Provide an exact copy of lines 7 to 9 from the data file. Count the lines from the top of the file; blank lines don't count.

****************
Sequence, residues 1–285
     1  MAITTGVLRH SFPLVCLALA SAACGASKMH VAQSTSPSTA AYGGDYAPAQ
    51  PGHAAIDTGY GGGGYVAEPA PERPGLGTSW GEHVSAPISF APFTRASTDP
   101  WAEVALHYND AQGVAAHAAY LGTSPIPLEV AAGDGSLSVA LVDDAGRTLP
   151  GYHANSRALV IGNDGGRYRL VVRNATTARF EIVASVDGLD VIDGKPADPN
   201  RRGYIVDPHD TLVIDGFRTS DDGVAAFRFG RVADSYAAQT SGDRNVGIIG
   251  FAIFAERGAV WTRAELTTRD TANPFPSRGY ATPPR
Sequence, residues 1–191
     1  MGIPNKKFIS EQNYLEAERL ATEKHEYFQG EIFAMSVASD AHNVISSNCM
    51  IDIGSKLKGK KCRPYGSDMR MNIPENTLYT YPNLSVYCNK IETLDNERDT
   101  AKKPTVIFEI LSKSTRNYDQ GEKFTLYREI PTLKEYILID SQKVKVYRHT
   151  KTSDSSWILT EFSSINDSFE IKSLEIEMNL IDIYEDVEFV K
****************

   251  FAIFAERGAV WTRAELTTRD TANPFPSRGY ATPPR
Sequence, residues 1–191
     1  MGIPNKKFIS EQNYLEAERL ATEKHEYFQG EIFAMSVASD AHNVISSNCM